Gary Winnick's knoll-top property adjoins several holes on the private… (Google Earth )
Word is out that financier Gary Winnick is quietly floating his storied estate in Bel-Air for sale at $225 million.
Winnick, who founded and later sold Global Crossing, bought the Bellagio Road mansion in 2000 from Dole Food Co. owner David Murdock. The $94-million deal, which involved the telecom mogul ponying up a parcel of land, stood as the highest-priced home sale in California for years.
Although a seller can ask any amount for a property, the 8.4-acre trophy home is for sale at the right price, said a person familiar with Winnick's real estate dealings who wasn't authorized to speak publicly. Renovated extensively during Winnick's ownership, the estate has seven bedrooms, 20 bathrooms and 28,725 square feet of living space, tax records show.
Winnick, the founder and chief executive of the investment firm Pacific Capital Group, declined to comment.
A home price of $7,833 a square foot is not outside the realm of possibility. A mansion roughly a third the size sold for $13,158 a square foot this year in the wealthy Northern California community of Woodside.
Although the $3-million-and-up market is doing exceptionally well, other factors can come into play with home transactions in the upper reaches, said John Karevoll, an analyst for San Diego real estate information company DataQuick.
"You're dealing with people for whom a dollar isn't necessarily a dollar," he said. "If you get into swaps, you can almost assign any value."
Some home sales have included other land or properties, stocks, car collections, jewelry and race horses, Karevoll said. "If you go way back, there was one that even included a daughter's hand in marriage."
That deal fell apart when the bride-to-be was determined to be "unpure."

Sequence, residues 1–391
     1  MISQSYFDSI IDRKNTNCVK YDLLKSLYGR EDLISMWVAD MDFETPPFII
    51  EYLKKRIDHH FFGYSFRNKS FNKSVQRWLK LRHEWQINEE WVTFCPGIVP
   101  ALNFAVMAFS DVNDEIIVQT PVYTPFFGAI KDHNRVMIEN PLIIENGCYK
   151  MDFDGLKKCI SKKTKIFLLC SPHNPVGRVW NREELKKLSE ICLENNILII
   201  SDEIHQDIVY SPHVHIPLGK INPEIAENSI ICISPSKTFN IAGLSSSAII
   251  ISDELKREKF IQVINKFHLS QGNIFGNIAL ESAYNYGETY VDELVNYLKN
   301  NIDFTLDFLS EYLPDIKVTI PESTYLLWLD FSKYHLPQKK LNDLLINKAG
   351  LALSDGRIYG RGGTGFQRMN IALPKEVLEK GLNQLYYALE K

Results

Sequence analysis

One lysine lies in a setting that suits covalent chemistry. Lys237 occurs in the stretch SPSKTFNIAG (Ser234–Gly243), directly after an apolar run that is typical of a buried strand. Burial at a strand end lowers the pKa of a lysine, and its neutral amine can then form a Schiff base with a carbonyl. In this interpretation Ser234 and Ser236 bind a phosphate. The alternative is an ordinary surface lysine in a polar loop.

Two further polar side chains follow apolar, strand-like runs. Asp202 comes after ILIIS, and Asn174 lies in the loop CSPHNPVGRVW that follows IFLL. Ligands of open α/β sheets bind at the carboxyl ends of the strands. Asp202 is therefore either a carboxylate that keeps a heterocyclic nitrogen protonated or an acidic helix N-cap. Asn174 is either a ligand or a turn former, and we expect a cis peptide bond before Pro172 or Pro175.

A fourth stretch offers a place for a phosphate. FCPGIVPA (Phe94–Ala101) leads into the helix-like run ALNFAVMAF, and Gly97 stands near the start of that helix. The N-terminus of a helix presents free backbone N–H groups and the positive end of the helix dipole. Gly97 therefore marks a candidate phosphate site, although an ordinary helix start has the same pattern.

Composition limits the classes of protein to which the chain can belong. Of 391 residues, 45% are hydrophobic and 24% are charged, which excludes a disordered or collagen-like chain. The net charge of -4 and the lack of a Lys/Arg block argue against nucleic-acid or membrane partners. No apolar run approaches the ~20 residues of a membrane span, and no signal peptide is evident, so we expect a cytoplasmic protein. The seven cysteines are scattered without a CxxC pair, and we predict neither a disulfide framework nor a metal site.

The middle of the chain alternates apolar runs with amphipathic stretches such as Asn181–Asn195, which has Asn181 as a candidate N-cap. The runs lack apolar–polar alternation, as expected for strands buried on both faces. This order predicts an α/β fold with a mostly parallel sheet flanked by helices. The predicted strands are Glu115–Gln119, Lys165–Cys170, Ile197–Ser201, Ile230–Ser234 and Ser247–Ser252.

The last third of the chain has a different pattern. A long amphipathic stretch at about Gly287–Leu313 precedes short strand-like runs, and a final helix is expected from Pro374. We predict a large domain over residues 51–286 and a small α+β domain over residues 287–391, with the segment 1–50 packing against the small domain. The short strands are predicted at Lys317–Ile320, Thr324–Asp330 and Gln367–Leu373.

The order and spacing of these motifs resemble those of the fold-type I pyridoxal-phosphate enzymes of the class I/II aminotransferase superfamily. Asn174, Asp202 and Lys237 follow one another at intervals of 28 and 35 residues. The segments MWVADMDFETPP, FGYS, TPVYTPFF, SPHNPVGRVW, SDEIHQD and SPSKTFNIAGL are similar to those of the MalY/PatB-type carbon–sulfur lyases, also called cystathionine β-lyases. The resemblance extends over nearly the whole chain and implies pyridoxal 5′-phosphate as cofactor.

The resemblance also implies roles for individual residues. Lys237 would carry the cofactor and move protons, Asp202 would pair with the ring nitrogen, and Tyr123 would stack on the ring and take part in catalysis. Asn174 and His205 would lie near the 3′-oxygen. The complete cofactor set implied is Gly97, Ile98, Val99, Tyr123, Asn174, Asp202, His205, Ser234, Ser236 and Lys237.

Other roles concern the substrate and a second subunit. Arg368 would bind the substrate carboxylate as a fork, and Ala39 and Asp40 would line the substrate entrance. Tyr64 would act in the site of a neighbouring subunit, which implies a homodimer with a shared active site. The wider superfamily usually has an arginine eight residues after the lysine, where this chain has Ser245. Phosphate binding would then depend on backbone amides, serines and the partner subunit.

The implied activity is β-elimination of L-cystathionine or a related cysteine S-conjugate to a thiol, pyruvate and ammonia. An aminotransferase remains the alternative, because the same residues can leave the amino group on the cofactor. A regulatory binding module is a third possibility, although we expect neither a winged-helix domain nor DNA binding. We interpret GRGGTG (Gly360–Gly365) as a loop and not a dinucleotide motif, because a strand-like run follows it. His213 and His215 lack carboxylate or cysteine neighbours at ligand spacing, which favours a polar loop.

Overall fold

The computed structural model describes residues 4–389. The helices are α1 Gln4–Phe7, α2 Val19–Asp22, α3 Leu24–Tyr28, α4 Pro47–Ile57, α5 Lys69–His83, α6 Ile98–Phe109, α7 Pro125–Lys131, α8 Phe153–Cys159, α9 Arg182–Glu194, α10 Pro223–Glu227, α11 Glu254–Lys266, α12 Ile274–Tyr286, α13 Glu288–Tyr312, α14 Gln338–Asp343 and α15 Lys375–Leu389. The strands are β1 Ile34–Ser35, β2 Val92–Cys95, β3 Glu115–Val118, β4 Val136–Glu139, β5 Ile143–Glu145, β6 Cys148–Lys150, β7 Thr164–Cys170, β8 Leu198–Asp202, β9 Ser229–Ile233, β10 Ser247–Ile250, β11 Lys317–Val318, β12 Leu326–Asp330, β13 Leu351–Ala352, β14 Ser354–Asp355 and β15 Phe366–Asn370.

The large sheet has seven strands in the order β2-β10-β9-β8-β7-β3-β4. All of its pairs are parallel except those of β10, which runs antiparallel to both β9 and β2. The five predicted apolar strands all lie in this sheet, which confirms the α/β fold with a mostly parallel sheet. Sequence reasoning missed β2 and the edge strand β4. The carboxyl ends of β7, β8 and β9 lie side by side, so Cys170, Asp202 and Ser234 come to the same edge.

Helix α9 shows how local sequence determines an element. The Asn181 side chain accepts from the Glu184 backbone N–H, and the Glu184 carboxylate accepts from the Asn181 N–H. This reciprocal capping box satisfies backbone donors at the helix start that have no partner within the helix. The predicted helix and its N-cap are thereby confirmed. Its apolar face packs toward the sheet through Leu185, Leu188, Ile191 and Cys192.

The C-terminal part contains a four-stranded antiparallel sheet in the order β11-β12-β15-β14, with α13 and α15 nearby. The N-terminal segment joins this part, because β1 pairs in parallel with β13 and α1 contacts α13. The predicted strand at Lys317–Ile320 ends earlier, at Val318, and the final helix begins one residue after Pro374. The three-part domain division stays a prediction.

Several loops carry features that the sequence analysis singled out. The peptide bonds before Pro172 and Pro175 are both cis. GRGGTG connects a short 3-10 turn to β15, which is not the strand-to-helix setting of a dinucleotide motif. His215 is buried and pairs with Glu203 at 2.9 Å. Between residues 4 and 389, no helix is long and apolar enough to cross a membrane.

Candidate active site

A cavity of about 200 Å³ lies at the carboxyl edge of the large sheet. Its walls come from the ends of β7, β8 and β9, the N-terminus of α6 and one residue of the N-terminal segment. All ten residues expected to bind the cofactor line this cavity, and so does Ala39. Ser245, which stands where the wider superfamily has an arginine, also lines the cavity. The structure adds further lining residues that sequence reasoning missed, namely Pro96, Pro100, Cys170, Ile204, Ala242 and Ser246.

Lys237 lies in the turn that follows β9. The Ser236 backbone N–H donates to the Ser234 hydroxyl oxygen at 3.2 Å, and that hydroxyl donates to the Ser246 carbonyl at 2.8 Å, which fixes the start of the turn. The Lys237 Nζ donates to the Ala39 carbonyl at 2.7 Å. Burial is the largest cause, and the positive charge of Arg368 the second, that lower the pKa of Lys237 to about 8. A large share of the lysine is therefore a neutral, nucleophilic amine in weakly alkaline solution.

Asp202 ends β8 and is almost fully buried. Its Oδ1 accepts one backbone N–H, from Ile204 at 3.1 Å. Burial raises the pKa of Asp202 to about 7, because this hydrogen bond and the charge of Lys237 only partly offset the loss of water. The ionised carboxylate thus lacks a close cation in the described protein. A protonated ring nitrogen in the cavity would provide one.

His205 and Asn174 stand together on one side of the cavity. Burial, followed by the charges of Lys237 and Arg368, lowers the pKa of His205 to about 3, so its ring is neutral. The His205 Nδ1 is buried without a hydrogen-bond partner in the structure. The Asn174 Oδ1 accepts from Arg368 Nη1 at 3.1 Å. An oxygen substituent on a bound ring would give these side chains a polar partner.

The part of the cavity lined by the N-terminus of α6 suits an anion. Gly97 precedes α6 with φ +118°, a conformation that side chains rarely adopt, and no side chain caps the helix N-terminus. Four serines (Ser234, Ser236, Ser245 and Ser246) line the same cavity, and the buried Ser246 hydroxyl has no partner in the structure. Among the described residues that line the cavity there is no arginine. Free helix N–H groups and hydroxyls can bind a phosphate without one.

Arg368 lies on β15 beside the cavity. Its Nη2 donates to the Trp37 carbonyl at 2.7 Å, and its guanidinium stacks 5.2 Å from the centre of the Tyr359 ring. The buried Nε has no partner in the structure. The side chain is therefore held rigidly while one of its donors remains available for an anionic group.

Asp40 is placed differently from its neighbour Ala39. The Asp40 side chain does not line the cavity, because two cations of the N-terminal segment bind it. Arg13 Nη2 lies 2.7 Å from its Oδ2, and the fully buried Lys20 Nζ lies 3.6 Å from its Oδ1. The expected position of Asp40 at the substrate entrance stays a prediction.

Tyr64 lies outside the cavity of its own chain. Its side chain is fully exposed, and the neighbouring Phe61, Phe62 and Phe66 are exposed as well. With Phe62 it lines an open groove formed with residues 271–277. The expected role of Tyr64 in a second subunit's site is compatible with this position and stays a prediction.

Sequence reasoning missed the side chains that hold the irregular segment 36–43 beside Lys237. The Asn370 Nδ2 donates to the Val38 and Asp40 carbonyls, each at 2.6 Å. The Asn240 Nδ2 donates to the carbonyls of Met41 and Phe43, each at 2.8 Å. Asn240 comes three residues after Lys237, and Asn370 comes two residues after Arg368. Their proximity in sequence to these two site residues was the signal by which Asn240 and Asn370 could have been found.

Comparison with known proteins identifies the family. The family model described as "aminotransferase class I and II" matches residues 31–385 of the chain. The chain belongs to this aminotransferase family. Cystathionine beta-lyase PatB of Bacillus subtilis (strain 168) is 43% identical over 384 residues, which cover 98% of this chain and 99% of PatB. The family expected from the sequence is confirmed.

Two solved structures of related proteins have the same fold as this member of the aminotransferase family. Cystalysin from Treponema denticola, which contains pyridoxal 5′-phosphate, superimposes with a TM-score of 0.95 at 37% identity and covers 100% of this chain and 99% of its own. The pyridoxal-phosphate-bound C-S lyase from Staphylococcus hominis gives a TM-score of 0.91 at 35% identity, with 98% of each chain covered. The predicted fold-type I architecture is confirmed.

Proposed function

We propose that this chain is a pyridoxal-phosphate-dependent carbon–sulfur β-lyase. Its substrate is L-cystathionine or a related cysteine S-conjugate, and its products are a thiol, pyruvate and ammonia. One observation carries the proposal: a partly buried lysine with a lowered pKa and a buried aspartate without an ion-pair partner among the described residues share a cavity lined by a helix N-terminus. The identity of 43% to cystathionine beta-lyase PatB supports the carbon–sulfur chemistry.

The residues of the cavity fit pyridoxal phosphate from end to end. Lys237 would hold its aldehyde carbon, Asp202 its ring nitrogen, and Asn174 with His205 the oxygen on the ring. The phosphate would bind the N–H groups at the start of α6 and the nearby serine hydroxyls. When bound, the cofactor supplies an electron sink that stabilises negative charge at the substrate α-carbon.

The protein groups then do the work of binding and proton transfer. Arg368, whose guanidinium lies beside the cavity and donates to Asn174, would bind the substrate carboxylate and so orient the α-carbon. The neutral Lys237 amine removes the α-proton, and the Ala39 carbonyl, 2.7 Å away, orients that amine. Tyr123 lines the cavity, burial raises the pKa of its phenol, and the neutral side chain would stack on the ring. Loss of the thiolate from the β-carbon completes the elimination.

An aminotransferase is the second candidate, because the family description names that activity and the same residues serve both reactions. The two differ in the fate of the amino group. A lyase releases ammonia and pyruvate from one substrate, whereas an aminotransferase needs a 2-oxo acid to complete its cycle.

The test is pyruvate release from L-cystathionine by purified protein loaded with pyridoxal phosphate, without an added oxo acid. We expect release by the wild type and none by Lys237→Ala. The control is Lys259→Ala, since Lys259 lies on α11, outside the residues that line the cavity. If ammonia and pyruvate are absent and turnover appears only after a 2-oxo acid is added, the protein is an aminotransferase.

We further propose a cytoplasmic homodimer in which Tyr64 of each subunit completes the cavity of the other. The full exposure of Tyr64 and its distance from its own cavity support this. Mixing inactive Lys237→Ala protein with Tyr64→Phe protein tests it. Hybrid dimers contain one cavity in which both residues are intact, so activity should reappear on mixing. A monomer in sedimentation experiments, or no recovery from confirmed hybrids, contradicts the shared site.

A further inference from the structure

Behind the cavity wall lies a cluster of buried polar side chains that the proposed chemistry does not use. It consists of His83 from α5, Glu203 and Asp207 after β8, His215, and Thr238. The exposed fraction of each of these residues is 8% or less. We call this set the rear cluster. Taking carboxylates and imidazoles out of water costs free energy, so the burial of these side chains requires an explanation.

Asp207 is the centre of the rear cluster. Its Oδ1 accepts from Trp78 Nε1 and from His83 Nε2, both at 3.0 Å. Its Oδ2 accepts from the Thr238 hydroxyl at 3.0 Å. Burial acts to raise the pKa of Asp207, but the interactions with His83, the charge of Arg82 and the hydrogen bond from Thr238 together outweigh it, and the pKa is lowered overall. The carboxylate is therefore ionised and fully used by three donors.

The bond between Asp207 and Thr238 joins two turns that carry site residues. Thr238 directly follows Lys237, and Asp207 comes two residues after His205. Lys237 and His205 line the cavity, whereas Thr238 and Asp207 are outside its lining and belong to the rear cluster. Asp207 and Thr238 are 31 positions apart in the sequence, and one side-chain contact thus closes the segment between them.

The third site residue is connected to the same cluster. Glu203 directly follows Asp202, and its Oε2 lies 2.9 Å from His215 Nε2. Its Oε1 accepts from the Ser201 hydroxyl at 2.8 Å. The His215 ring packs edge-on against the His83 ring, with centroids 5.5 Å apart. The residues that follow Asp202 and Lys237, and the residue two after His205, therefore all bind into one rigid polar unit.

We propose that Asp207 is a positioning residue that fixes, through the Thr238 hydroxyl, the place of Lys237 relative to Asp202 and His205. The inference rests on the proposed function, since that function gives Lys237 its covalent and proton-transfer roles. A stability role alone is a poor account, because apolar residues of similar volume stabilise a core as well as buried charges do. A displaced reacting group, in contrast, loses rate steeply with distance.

"It would be incredibly shocking," he said, "if somebody actually walked up to the table and wrote a check for that amount."
Low interest rates are pushing the wealthy into riskier investments such as stocks and properties.
"Cash is a very unattractive place to park assets," said Paul Habibi, a real estate lecturer at UCLA's Anderson School of Management. Plus, consumers — sensing that inflation is right around the corner — see real estate as a hedge.
Low numbers of houses for sale, bidding wars and a scarcity of new home building are creating an attractive scenario for sellers.
"There is a finite housing stock on the Westside," he said, "and that's prime land."
Winnick's Casa Encantada was named in the 1930s by its original owner, glass manufacturing heiress Hilda Boldt Weber. Conrad Hilton, founder of Hilton Hotels, owned the estate for three decades starting in 1950.
The knoll-top property adjoins several holes on the private Bel-Air Country Club, affording the owner a degree of privacy that would be difficult to duplicate on the built-out Westside. The grounds include a swimming pool, a pool house and a tennis court.
Winnick has been toying with changes in his residential holdings since last year, when he was eyeing the nearby Hannah Carter house and UCLA's Hannah Carter Japanese Garden. The Georgian Colonial house, with two dining rooms, five fireplaces and staff quarters, came on the market at a minimum bid of $9 million. Including the Japanese Garden, priced then at a minimum $5.7 million, the combined properties encompass 2 acres. The sale stalled when a Los Angeles County Superior Court judge found that UC regents had agreed to keep the garden in perpetuity.
The most expensive home for sale currently on the Multiple Listing Service is Fleur de Lys in Holmby Hills at $125 million, according to Realtor.com. The 4-acre-plus estate centers on a French-inspired mansion with 12 bedrooms and 15 bathrooms.
The highest recent transaction locally was the 2011 sale of Candy Spelling's 56,500-square-foot mansion in Holmby Hills for $85 million. Spelling, the widow of famed TV producer Aaron Spelling, had listed her longtime residence at $150 million.
Naming a price in the Los Angeles luxury market can fall into be-careful-what-you-wish-for territory.
Randy Phillips, chief executive of concert-promotion powerhouse AEG Live, sold a gated estate he had renovated in Beverly Hills for $15.5 million after he was asked how much it would take for him to sell.
"I was experimenting," he said in an interview last year. "I came up with a price that I didn't think anyone would match or meet, so I didn't think I was in trouble of losing my house."